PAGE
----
Volatile Commodity Prices

Lots of reports today about a plunge in corn and other food commodity prices following good news from the USDA on plantings and progress of this year's corn crop.

In just the last couple weeks corn prices have fallen from nearly $8/bushel to about $6.15.  All of that is due to a rather small amount of information about the progress of this year's crop.  Yes, there were reports of flooding and late plantings, but that kind of thing rarely has much effect on the overall crop production.  The late plantings just set up even more volatility going forward, since the plants will be  susceptible to extreme heat in July and August.

This volatility is exactly what economic models predict when inventories are low and cannot buffer weather shocks.  I expect to see even larger swings in late July and August, because it's weather in these months, and particularly the amount of extreme heat in the Midwest, that will determine the size of the corn and soybean crops.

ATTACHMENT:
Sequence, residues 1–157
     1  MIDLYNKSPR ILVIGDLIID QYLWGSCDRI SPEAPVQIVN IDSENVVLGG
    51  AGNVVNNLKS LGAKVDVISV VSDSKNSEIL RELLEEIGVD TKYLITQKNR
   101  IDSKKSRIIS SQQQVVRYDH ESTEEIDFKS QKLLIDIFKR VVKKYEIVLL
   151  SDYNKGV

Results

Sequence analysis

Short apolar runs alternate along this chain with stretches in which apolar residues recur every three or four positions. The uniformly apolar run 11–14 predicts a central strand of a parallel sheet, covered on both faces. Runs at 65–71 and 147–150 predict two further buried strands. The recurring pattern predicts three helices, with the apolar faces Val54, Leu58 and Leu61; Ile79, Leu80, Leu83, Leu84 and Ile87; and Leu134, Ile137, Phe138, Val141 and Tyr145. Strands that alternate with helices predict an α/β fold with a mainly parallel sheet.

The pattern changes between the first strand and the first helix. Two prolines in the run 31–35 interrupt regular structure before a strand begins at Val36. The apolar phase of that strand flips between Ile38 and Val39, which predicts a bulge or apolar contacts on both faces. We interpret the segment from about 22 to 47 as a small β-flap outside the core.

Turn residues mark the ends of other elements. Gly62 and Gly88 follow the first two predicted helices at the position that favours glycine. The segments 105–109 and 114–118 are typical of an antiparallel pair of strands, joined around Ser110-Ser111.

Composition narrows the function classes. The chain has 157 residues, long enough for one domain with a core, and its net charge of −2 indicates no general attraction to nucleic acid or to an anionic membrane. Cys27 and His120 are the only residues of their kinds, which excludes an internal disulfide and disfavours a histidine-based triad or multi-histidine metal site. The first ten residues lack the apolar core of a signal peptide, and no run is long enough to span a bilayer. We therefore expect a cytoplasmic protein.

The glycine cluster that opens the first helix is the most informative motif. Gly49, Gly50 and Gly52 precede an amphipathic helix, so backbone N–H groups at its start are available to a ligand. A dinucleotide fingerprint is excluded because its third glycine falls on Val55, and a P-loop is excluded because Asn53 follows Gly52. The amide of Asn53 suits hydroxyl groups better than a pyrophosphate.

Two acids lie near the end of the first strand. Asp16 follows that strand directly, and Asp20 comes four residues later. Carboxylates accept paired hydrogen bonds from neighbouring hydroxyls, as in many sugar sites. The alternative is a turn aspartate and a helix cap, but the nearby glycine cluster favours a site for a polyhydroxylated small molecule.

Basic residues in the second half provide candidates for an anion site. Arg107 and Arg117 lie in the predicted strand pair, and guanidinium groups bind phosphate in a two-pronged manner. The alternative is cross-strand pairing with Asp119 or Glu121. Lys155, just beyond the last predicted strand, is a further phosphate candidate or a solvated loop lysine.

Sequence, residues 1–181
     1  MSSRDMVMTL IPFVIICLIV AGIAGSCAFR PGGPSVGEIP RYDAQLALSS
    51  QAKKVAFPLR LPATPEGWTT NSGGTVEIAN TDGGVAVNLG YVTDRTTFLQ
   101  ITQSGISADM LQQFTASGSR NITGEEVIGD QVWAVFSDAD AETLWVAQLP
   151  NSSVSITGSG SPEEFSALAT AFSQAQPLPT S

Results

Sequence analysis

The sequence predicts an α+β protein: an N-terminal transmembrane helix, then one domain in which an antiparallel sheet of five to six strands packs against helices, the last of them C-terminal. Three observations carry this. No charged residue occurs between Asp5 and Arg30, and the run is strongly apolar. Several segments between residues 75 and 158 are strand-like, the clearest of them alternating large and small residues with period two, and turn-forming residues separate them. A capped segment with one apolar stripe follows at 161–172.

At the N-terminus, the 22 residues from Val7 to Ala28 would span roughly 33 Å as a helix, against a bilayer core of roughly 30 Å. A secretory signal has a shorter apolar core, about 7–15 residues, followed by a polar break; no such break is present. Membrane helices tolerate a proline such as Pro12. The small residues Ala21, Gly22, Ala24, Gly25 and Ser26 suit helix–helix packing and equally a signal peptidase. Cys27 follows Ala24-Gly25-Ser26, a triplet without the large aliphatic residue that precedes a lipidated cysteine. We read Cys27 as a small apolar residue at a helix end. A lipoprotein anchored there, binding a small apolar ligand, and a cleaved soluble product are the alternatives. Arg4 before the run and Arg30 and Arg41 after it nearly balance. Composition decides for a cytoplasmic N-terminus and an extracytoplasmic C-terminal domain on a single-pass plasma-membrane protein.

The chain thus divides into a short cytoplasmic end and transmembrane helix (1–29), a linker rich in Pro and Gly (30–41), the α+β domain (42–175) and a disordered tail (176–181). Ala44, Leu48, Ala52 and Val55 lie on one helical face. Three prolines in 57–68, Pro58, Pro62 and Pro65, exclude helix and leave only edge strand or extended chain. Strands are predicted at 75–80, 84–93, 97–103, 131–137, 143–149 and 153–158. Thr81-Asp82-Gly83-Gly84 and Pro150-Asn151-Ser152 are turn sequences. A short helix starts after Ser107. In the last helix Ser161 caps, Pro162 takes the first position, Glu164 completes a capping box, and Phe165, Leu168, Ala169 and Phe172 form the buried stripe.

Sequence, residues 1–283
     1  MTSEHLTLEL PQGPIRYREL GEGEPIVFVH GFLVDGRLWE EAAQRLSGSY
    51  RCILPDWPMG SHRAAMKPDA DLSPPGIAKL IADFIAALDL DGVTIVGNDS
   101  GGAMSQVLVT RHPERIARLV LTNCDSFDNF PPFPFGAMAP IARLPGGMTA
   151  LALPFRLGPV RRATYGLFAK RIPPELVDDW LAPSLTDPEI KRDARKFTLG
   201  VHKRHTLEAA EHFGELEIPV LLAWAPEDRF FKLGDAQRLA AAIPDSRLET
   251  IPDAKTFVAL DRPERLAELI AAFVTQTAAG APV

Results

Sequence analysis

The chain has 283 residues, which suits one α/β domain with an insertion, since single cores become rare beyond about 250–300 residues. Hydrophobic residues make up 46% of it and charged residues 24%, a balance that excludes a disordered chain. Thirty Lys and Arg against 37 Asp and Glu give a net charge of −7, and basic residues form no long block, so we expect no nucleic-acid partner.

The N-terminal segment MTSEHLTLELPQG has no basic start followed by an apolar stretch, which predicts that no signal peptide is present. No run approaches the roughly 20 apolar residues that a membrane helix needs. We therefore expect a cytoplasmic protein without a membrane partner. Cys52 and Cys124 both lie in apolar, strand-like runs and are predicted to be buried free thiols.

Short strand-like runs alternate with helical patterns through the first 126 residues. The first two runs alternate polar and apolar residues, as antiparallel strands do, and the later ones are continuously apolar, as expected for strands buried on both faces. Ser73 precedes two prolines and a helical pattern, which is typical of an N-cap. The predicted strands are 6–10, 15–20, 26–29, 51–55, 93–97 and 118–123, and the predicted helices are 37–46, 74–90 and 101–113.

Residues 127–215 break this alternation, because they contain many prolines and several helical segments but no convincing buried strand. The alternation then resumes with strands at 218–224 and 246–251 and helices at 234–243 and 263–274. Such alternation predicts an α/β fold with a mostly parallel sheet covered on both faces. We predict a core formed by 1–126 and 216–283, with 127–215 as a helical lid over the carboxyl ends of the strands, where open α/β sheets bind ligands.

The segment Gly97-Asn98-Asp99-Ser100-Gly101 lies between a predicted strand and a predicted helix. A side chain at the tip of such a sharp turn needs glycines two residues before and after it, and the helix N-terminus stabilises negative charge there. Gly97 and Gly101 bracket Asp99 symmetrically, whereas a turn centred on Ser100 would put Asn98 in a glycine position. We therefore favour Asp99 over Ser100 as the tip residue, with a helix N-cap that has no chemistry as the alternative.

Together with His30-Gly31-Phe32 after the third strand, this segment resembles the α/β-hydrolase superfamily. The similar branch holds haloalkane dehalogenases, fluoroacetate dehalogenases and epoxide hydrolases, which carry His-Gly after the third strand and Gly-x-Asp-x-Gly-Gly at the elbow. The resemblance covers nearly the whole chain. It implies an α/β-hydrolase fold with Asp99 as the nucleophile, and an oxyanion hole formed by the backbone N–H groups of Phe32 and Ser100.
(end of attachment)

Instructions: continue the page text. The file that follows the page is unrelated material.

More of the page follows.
But this volatility does provide a teachable moment:  it shows how sensitive prices are to small quantity changes.  That sensitivity provides some indication of how much ethanol could be influencing food prices globally.  And while long-run sensitivities are likely less than those in the short run, it also shows us how sensitive food commodity prices could be to even modest climate change impacts on US and world agriculture.


  1. This is a really interesting post. What are the economic models of inventories that you refer to? I am not so familiar with this branch of econ.

  2. I'm thinking mainly of the excellent book by Jeffrey Williams and Brian Wright, many of their papers, and also the seminal works by Deaton and Laroque. Googling those names "commodity prices" and "storage" will help you find the academic meat. There's lots of reduced form stuff on volatility that exploits inventory variations as well. There's also a lot in the archive of this blog.


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